Pilgrims: Out in the stars and lacking ideas

Interplanetary travel has seldom been so exasperating.

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click to enlarge Betsy Helmer as the girl is obviously talented, but is required to repeat the same attitudes so often, there’s next to nothing to learn by paying attention to her after the first quarter hour. Pictured here with the Soldier, played by Brendan Ragan. - Dylan Jon Wade Cox
Dylan Jon Wade Cox
Betsy Helmer as the girl is obviously talented, but is required to repeat the same attitudes so often, there’s next to nothing to learn by paying attention to her after the first quarter hour. Pictured here with the Soldier, played by Brendan Ragan.

When I say that a play lacks theatrical ideas, I don’t mean that it's missing a philosophy. By “idea” I intend something new in plot or dialogue, in characterizations or relationships. When Willy Loman tells his wife Linda that he couldn’t make the trip to New England, that’s an idea. When we next learn that Willy’s son Biff is visiting his parents after a long absence, that’s a new idea. When Biff moments later confides to his brother that Willy mocks him all the time, that’s, you guessed it, a new idea; and when Biff follows this with a short monologue describing his love of working on a farm, that’s yet another — and so on. Sometimes an idea is a plot element: Willy asks his boss for a New York job and instead is fired; and sometimes it’s about character: Happy admits that he takes revenge on this bosses at work by seducing their fiancées. A successful play can have dozens of these things, even if it’s as apparently static as Waiting for Godot (Didi and Gogo consider suicide, Lucky “thinks” aloud in the famous monologue, Pozzo goes blind, the Boy comes with word from Godot, etc.). But one thing is certain: A play short on ideas rapidly becomes boring. Especially in our wired, post-MTV world, the lack of change from moment to moment can be exceedingly exasperating.

And that’s how I feel about Pilgrims, the new play by Claire Kiechel currently playing at Sarasota’s Urbanite Theatre: exasperated. In the 85 minutes of the drama, I found about 15 minutes of ideas, and for the other 70 minutes I had no choice but to wait, not always patiently, for something new to be said, to be discovered, to happen.

Let me tell you everything you need to know: A soldier moves into his room in an interplanetary spacecraft. A 16-year-old girl comes into the room and tells him she’s been assigned as his roommate. The girl is spunky and chatty and almost immediately seductive. The soldier is cold, easily angered and repeatedly standoffish. There’s the suggestion that both are hiding something in their pasts. A female robot arrives, and it turns out that she’s good for sexual services. The two main characters play-act a bit, then we learn their secrets. The play ends.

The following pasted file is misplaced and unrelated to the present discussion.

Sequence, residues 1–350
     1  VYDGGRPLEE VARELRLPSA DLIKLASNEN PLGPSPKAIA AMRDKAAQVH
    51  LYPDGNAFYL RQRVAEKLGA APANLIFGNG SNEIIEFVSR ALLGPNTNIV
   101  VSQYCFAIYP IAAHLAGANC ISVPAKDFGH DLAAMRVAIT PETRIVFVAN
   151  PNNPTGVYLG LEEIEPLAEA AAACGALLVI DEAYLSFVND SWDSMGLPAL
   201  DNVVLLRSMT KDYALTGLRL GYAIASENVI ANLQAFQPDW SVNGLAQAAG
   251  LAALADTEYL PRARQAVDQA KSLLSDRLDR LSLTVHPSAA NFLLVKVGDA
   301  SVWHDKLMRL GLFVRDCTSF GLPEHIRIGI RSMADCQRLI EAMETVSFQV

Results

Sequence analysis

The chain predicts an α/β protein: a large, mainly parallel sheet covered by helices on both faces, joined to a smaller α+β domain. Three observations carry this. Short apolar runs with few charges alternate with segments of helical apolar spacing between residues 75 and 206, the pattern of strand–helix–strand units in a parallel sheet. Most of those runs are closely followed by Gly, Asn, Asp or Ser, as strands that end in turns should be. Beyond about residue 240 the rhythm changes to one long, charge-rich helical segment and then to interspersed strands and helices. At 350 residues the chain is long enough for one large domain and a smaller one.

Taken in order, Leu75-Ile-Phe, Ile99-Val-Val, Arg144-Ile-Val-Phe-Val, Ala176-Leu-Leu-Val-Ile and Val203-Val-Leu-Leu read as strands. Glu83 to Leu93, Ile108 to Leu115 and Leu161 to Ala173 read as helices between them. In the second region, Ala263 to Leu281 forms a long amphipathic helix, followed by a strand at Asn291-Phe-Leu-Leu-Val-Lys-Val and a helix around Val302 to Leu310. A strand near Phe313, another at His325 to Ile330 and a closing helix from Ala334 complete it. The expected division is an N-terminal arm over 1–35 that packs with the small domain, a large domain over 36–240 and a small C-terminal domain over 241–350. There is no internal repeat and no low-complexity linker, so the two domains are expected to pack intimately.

All right, there’s a little bit more than that. But for most of Pilgrims we’re just seeing variations on the few themes delineated above, and all those repetitions feel to me like wasted time. The script doesn’t help its actors either. Betsy Helmer as the girl is obviously talented, but is required to repeat the same attitudes so often, there’s next to nothing to learn by paying attention to her after the first quarter hour. Brendan Ragan as the soldier displays a two-dimensional brusqueness from his very first entrance, and seldom travels far from it, at least not until he, near the end, bares his soul. Perhaps the best performance is by Cameron Morton as the robot Jasmine: She’s supposed to be monotonously predictable, after all. Fortunately, Jerid Fox’s set of a futuristic cabin dominated by a large bed is attractive to the eye, as are Alison Gensmer’s costumes. Carl Forsman’s direction is competent enough, though one can’t help but wish he’d insisted on more dimensionality from his actors, in spite of the script. The fine lighting is by the consistently impressive Ryan E. Finzelber.

Some other problems I have with the text of Pilgrims: I do not believe, as apparently I’m supposed to, that the planners of the space voyage deliberately assigned the girl and the soldier to the same cabin. I do not believe that these two never have time out of the cabin, and I do not believe that the girl is able to break down the soldier’s resistance by locking herself in the only bathroom for many hours. The soldier’s soul-revealing monologue? Too punctual and hackneyed. The suggestion that what we’re seeing is the old, bad colonialism, transferred to the galactic stage? Too PC and cliché. In fact, I found the entire science-fiction aspect of the play underdeveloped. I’ve been a sci-fi fan since childhood, yet all I could discover were the gaping holes in this scenario. Oh, for a play even half as inventive as a typical Ray Bradbury story!

Anyway, Urbanite Theatre has brought us some real winners over its short lifetime, and I have no doubt there will be triumphs to come. Let’s call Pilgrims a meaningless hiccup and move on. To plays with ideas. Lots of them. All adding up to something.

And so rewarding us for going to the theater.


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